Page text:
As any visitor to my house will be able to tell, I love maps. Our living room is full of them. A Soviet map of Portsmouth (complete with Cyrillic labels) gazes across the room at old maps of South America and Italy. A large Mercator world map occupies an entire wall while Charles Minard's celebrated map of Napoleon's ill-fated Moscow campaign hangs in the hallway.
Judging from the reaction, I am not alone. And with the US election imminent, maps full of data will soon be hard to avoid as news organisations attempt to paint a picture of the political lie of the land.
Sometimes one map is not enough. Last year, for a Financial Times article focusing on Ukip's challenges after the UK general election, my colleague Chris Campbell worked on a map showing the party's second place finishes. The map was designed in the cartogram form often used for political maps - rather than prioritising geographical accuracy, it represents the constituencies as squares shown equal in size to reflect their equal value in the House of Commons. Those shaded purple show where Ukip finished second.
Having completed the map, Chris realised that this, by itself, did not provide enough information because a second-place finish is ambiguous - for example, it could be seen as either a good thing for Ukip if they were expecting to finish third or a bad thing if they were hoping to win the seat.
Chris extended the graphic to include additional maps of Ukip's first and third place finishes. This revealed a lot more geographical information - the solitary win in Clacton, swaths of third-place finishes across much of the UK, a general absence in Scotland - but still some lingering questions. For example, what about the London-shaped hole in Ukip results? And how did the party's performance compare with others, particularly the Liberal Democrats, Britain's traditional third party?
So Chris tried a full set of first, second and third place maps for all the main UK-wide political parties - 12 maps in total. Suddenly the final graphic became compelling enough for it to assume central position in the story. Readers were invited to linger on the maps and discover any number of geographical patterns in the election results themselves. Maps in "discovery mode" like this are often irresistible.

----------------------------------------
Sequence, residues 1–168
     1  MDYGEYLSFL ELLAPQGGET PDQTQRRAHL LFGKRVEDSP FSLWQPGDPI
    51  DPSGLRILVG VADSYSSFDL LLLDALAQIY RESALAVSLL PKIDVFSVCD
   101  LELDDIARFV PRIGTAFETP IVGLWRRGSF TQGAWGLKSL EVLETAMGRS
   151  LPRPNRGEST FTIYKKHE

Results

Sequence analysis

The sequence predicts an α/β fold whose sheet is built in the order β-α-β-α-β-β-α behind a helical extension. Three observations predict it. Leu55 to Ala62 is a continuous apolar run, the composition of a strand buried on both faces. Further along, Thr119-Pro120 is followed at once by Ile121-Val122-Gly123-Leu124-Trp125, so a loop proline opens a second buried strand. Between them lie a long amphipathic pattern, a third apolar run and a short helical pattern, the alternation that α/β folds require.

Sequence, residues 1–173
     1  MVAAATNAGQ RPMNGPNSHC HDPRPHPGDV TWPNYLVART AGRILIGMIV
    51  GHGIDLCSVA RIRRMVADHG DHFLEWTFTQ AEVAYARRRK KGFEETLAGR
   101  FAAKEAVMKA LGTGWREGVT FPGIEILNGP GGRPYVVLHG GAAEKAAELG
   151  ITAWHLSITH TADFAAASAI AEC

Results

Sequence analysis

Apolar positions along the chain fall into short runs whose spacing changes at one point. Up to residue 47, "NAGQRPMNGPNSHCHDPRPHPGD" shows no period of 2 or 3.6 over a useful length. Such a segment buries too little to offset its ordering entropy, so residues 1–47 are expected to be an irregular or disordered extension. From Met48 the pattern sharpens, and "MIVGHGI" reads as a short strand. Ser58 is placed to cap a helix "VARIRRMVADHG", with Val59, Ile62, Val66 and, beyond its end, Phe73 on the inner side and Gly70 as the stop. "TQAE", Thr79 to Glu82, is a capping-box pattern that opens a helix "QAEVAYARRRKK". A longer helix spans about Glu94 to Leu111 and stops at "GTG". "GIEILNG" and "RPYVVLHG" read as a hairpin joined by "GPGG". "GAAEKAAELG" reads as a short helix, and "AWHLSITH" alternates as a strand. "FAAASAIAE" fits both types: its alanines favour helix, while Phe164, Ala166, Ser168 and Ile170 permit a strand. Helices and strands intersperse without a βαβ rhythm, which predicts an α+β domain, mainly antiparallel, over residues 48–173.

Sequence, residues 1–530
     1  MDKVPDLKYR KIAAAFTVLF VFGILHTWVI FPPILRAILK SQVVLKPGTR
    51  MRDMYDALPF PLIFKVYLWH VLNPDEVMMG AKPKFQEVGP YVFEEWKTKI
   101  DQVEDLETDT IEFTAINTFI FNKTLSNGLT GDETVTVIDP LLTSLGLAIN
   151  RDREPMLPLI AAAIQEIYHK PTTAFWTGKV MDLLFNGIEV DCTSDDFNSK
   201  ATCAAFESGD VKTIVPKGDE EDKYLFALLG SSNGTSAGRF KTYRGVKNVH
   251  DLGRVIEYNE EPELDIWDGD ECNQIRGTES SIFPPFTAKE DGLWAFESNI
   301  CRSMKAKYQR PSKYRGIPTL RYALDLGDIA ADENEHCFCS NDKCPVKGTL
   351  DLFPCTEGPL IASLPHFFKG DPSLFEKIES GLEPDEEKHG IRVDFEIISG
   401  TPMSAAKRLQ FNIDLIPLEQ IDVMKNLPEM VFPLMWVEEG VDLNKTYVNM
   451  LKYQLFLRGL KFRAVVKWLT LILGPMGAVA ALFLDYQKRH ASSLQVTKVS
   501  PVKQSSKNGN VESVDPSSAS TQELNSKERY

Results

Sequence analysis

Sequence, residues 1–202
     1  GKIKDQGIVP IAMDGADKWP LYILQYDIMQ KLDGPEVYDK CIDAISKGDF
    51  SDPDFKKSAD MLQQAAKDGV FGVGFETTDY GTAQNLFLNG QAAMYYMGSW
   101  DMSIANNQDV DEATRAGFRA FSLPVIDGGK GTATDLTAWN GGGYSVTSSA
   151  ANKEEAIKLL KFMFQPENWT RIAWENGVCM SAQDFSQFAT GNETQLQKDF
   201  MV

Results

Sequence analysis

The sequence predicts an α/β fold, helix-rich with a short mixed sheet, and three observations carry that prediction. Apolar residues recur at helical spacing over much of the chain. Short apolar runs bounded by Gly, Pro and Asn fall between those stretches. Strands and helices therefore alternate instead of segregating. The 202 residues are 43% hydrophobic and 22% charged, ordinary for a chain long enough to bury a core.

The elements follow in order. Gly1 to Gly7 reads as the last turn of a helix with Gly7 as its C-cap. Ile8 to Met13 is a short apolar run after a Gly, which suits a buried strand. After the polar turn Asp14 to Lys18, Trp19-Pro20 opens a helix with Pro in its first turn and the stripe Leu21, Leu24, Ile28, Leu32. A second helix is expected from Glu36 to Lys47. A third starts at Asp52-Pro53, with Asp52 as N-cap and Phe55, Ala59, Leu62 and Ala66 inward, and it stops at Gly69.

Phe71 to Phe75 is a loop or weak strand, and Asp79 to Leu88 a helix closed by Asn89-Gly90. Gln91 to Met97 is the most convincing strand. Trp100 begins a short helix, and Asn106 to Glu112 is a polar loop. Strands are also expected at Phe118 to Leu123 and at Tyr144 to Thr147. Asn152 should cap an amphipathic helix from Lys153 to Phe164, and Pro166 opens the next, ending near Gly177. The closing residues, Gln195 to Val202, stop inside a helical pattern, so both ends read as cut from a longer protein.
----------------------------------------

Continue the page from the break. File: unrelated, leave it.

"Only when specific locations or geographical patterns in data are more important to the reader than anything else
As well as political maps, we can also use topographical maps for local stories. Earlier this year, Steve Bernard, another colleague on the FT graphics desk, produced a striking animated map to illustrate what might happen the next time a big earthquake hits Japan - this rapidly became the FTs most-watched video on Facebook, highlighting the broad appeal of maps when used to tell a compelling story.
However, maps are not the solution to every visualisation problem with geographical data. As the FT Visual Vocabulary highlights, "spatial" is just one of many possible relationships in data and maps and should be used "only when specific locations or geographical patterns in data are more important to the reader than anything else". Ignore this advice and maps may end up leaving readers lost.
Recently, some painstaking research by Laura Noonan, the FT's investment banking correspondent, produced a data set of top banks' presence in eight cities lining up to take London's role as the EU's banking centre. Nearly 5,000 entities, each allocated to one of the eight cities.